Concert Heartstrings Review

Carry That Weight: Strand Of Oaks at Portland’s Doug Fir Lounge

By: Asher Alexander

Over the course of his career, Timothy Showalter, AKA Strand of Oaks has proven he’s an artist who is not afraid of change. With each album since his debut, 2009’s beautiful folk inflected Leave Ruin, Strand of Oaks continually adds new layers and textures to his music. His newest album HEAL is his most dynamic yet. The record perfectly marries his core commitment to classic american songwriting with a heaviness, a weight in both subject and sound. It paints a clear picture of an artist fully dedicated to moving confidently in a new and personally meaningful direction.

This new direction was brilliantly displayed on August 28th at the Doug Fir Lounge in Portland, Oregon. Early on in his set he eased into “JM,” one of the stand out tracks from HEAL. Each verse began with a delicate slow burn — just his voice, guitar and the minimally restrained accompaniment from his excellent supporting band — followed by the weight, of which the slow burn suddenly became a raging inferno. Like a pipe organ with all the stops pulled out, the music hit like a ton of bricks; an absolute wall of sound that recalled Neil Young & Crazy Horse firing on all cylinders. The band locked in and anchored a heavy bed of noise, letting the guitar solo fly above it untethered. As if to drive home the Crazy Horse comparison even further, Showalter brought the song to a close by quoting a few bars of the melody of “Cortez The Killer.” It was, in a single song, a microcosm of where Strand of Oaks has been and where he is going — a confident statement of past, present and future.


Though Strand of Oaks currently reside in Philadelphia and grew up in Indiana, Showalter clearly felt right at home in the great northwest. He was positively energized on stage, with his shouts of “Fucking Portland Oregon!” punctuating “JM.” The combination of joy for the moment’s time and place, and clearly palpable excitement for the music he was making, made for a captivating set. Showalter commented that every other time he’d come through Portland, it was as a “mellow, folky guy,” but he was thrilled to be playing with a full band, which reverts to his younger days of “playing in bands, head banging to ‘Even Flow’.” It’s this nostalgia and return to his roots and beginnings that is driving him forward artistically.

As a nod to the roots of Strand of Oaks, the rest of the band left the stage leaving Showalter alone for a beautiful version of “Diamond Drill,” the opening track of 2012’s Dark Shores. Subsequently, the band slowly filtered back on stage one by one for HEAL’s “Woke Up To The Light” and “Shut In.”

Strand of Oaks’ songs often deal with making hard choices in an imperfect America. The opening lyric of “Shut In” encapsulates the perspective of those dilemmas perfectly:

I was born in the middle, maybe too late, everything good had been made.

The genius of that line lies in “maybe.” Strand of Oaks has often been held up as a contemporary torch-bearer of Bruce Springsteen and the Boss used the “maybe” to a similar effect in his American classic “Atlantic City”  when he says:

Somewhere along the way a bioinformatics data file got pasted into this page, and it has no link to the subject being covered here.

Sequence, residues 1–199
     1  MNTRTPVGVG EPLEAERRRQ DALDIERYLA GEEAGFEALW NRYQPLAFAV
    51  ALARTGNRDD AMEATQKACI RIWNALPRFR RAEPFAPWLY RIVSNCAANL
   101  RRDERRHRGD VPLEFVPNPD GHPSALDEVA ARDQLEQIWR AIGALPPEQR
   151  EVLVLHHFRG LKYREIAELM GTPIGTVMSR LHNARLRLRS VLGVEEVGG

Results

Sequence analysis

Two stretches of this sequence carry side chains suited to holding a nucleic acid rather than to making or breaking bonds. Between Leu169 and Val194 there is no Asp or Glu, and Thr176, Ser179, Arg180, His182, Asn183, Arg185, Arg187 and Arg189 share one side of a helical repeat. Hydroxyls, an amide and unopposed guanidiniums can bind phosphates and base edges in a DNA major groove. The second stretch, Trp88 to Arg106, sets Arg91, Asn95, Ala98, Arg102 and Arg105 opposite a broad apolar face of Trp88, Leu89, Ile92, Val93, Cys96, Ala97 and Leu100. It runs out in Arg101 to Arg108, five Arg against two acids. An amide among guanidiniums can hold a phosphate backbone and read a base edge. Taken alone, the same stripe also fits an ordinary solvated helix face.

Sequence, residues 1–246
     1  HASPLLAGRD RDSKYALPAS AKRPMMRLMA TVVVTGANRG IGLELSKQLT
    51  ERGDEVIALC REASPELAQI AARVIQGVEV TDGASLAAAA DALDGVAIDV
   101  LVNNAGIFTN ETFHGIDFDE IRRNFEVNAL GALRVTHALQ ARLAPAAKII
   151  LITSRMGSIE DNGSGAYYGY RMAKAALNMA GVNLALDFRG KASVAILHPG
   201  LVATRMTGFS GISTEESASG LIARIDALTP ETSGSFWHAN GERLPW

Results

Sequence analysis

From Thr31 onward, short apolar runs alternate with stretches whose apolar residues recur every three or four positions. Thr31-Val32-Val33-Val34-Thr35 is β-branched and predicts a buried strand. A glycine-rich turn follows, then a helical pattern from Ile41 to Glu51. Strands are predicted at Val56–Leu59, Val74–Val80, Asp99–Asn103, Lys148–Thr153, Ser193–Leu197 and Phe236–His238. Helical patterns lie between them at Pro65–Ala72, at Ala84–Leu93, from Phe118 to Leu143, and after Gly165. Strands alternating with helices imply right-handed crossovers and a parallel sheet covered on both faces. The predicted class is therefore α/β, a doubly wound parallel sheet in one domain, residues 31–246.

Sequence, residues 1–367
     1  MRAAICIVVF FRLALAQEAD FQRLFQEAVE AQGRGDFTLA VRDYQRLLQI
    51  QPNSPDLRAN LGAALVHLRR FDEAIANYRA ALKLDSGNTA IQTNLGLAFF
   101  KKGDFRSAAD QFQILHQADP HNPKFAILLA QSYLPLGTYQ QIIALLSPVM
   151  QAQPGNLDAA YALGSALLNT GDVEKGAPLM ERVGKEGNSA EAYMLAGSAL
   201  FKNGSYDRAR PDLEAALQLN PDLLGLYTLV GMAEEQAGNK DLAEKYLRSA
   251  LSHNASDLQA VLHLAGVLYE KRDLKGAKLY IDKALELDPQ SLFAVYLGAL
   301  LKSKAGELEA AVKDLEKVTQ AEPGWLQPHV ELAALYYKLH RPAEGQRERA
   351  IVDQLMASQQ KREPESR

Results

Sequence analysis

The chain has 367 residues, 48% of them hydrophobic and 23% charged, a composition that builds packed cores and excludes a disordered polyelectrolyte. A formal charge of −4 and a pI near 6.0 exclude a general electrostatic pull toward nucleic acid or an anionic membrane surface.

Everything dies, baby, that’s a fact, but maybe everything that dies someday comes back.

In both songs the outlook is bleak. They inhabit a modern world where times are hard and nothing is for certain. But one of the strongest threads that ties Strand of Oaks and Springsteen together is that both artists know that within uncertainty there is always hope.

At this point in the set Showalter told a personal story that underscored the uncertainty of his early musical development and drove home his affection for Portland. Four years ago, in 2011, he came out to Portland to play Pickathon, at which point he wasn’t sure if music was what he wanted to do. Those who have been to Pickathon know just how special, magical and rejuvenating it is for attendees as well as performers and his experiences at the festival helped motivate him to continue down his chosen path of making music.

The final portion of the set featured HEAL‘s dreamy piano driven “Plymouth”, followed by some lighthearted banter with the audience about what adjectives best describe the members of Strand of Oaks’ backing band. After everyone had a few good laughs at his band’s expense, Showalter closed things out with a pair of songs that are excellent representations of the delicately heavy dichotomy of the Strand of Oaks current sound. “Sterling,” the only song played from 2010’s Pope Killdragon, gradually built intensity to a psychedelic hypnotic wash of guitar fuzz. If you listen to Strand of Oaks recorded output in chronological order, “Sterling” would be the first place that the aggression begins to bubble above the surface. And rather appropriately, HEAL’s final track “Wait For Love” closed out the set.

After a brief break, the band returned to the stage for an encore. “Mirage Year” had everyone throwing their all into each note. Showalter was ecstatic, thrashing around as the song built to its apex, then crashing to the ground in a heap clutching his guitar as the sublime distortion gave way to clarity, and then finally fell to silence.

HEAL will without a doubt show up on many year end “best of” lists, and rightfully so. Strand of Oaks has reached deep into his own personal and artistic roots to create a truly powerful album. His captivating and honest performance at the Doug Fir proved that not only is he an artist to watch but that he is an artist to believe in.


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